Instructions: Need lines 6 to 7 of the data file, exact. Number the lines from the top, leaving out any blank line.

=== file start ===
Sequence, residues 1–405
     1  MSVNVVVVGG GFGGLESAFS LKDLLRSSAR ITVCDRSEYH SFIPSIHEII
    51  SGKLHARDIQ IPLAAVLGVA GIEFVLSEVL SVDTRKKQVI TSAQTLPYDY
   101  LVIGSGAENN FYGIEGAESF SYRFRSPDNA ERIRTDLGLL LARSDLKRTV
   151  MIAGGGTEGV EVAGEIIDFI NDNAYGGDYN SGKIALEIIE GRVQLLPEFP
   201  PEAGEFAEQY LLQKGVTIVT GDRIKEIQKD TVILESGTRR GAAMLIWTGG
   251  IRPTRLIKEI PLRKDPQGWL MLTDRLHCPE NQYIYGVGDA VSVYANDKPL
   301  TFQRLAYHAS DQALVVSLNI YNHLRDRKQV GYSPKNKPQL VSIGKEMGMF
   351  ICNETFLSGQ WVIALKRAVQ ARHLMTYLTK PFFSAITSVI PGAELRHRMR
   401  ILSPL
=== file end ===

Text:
   201  PEAGEFAEQY LLQKGVTIVT GDRIKEIQKD TVILESGTRR GAAMLIWTGG
   251  IRPTRLIKEI PLRKDPQGWL MLTDRLHCPE NQYIYGVGDA VSVYANDKPL